Letter: On World Autism Day, my future looks bright

 

My name is Rashida Pryce and I am an 18-year-old Caymanian.

I was diagnosed with Autism Spectrum Disorder in May of 2017 at the age of 16. That revelation should have lifted a weight off my shoulders but in truth it placed a weight on my shoulders, an added heaviness to my already overloaded reality.

It fractured and realigned the future I thought would be mine, replacing it with a blank canvas that at the time was terrifying and seemed empty. Now I am pleased to tell you I am grateful for the diagnosis and to be filling that blank canvas with exciting new experiences.

Hearing the word ‘Autism’ came very late for me but, looking back now, I believe it came at exactly the right time for change and a renewed outlook.

I graduated from high school with excellent grades. I was a ‘quiet’ student who never spoke. Trapped in silence with so much to say. I transitioned to A-levels but my new school did not understand me and I did not understand me. Together we could not help one another.

I took me one year to get to know myself, my diagnosis and my path forward. Now I am beginning to pick up the pieces to build a new picture for the life I am to live, a life more dazzling than I could have ever imagined before. My reality is now thriving, my future looks bright and the blank canvas that appeared with my diagnosis is now full of colourful possibility.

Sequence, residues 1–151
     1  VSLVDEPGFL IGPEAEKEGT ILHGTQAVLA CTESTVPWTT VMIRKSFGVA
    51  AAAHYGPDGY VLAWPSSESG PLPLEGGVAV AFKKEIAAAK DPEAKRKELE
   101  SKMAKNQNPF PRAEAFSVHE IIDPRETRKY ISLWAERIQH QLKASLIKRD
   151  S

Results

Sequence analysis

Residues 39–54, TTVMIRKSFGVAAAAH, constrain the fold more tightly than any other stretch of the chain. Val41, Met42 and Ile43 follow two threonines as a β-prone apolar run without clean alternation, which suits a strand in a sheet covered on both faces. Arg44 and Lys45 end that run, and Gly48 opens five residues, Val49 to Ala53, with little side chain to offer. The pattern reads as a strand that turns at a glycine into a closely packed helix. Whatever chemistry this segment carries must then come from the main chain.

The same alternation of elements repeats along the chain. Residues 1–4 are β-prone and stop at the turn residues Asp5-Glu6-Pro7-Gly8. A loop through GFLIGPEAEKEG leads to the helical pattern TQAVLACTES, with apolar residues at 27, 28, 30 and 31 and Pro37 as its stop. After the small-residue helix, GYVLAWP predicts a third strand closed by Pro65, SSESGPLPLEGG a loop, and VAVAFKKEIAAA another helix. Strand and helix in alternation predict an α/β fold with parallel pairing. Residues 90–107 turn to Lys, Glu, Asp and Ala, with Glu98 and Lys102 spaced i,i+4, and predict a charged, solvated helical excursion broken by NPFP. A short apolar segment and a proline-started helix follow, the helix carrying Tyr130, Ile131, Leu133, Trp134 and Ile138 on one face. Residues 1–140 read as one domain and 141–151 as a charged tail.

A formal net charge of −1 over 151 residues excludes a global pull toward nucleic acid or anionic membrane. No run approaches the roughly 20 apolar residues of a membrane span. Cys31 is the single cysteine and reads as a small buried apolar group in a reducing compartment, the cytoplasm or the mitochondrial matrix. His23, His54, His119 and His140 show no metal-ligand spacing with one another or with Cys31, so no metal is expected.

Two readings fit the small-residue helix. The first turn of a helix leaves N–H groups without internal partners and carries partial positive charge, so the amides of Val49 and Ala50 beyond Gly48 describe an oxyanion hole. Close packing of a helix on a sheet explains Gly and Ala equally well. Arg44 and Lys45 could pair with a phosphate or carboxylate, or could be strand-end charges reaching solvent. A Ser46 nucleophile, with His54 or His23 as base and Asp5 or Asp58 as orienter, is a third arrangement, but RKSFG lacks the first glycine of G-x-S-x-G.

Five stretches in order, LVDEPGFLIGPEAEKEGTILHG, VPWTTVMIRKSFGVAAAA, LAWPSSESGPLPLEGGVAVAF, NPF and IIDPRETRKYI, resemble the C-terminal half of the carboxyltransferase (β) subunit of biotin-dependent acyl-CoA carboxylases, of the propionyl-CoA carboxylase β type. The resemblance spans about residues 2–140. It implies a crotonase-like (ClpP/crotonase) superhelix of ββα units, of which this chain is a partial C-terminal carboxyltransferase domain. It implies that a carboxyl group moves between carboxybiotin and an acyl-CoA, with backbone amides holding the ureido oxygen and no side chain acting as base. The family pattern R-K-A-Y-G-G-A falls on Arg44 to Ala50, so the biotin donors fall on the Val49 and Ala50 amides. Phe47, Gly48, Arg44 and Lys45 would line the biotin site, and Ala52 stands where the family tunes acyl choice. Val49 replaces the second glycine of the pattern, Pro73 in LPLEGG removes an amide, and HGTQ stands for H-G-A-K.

I am pursuing a Bachelor of Science in Biology at the University of Colorado. I am a freshman in my first semester. I am also participating in a residential programme that provides independent support for college students with a range of difficulties. It’s called College Living Experience (CLE) and here I am learning independent living skills, receiving guidance through academia and learning to become my own advocate. I am finding my voice, and enjoying the snow!

Getting to this point has not been easy and moving forward will bear its own weight.

I believe in the importance of proper education, advocacy and guidance for those on the autism spectrum. It is of utmost importance that everyone has access to the opportunity to take their place in our community and reach for their own success.

Regardless of how we all define success, we all deserve the right to dream for and reach for the life we deserve. No matter how grand or minuscule our goals are … in our eyes they are worth it. We are worth it.

Everyone deserves to see their own boundless future and to get the chance to do the work of building and learning what makes their life bloom.

There are so many people in Cayman making big strides to support our visions of greatness and inclusion and I’m eternally grateful for those who have stood by me through the ups and down. I am so thankful to those who have kept me grounded and growing.

Finding your path is always somewhat of a tumultuous journey of will and love, but when you get to the result of each chapter filled with hope and jubilation it is always worth it. No matter what was needed to get there.

We are worth it, individually and as a collective community.

Happy World Autism Day!

Rashida Pryce